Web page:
said, a correctly designed intelligent pointer should support
    all of the idioms a raw pointer does: "if( ptr == NULL )", and
    even "if ( ptr )" (although I've never seen a coding guideline
    that would allow use of the latter).

    And if worse comes to worse, there's always:
    if ( ptr.get() == NULL ) ...


    Yes, I tryed if( retval == NULL ) and it would not compile. However, the
    get method does work. I've got it now, I just don't like it much over using
    raw pointers. I've always been of the opinion that, if I make a method that
    allocates something, I just document it and count on the caller to know what
    to do. I don't think I like trying to idiot proof things, because I am just
    introducing more nuiances. If I've never used these smart pointers and don't
    know how, I suspect the callers of my methods won't either. I really doubt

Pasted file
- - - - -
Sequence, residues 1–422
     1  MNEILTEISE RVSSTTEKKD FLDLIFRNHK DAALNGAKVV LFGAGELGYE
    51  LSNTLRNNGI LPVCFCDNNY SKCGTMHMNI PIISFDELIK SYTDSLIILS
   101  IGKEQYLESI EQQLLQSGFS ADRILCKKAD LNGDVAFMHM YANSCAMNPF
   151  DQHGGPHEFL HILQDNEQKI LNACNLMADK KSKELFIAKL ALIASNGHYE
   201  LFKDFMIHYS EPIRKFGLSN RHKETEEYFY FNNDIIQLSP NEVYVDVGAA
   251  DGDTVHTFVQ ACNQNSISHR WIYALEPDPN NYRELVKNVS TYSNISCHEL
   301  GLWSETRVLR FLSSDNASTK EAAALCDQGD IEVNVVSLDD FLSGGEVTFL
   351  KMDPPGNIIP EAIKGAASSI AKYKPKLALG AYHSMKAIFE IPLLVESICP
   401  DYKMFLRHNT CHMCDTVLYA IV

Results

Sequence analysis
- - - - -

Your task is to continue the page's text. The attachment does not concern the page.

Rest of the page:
they will take the time to learn how the shared_ptr works, what can and
    can't be done with it etc., no matter how much I do or don't. Ah well.
     
    Christopher Pisz, Dec 3, 2007
    #7
  8. Christopher

    Greg Herlihy Guest

    On Dec 1, 12:19 pm, David Harmon <> wrote:
    > On Sat, 1 Dec 2007 11:36:51 -0800 (PST) in comp.lang.c++,
    > Christopher <> wrote,
    >
    > >Are you referring to the boost manual?
    > >http://www.boost.org/libs/smart_ptr/scoped_ptr.htm

    >
    > >I did and all I see is a reset function which sets the internal
    > >pointer to NULL, but it doesn't say how to check if it is NULL,

    >
    > How about
    > if (retvalue == boost::shared_ptr<sometype>()) {


    How about the more succinct:

    if (not retval) {

    or, alternately:

    if (retval == false) {

    Greg
     
    Greg Herlihy, Dec 3, 2007
    #8
  9. James Kanze a écrit :
    > On Dec 1, 9:19 pm, David Harmon <> wrote:
    >> On Sat, 1 Dec 2007 11:36:51 -0800 (PST) in comp.lang.c++,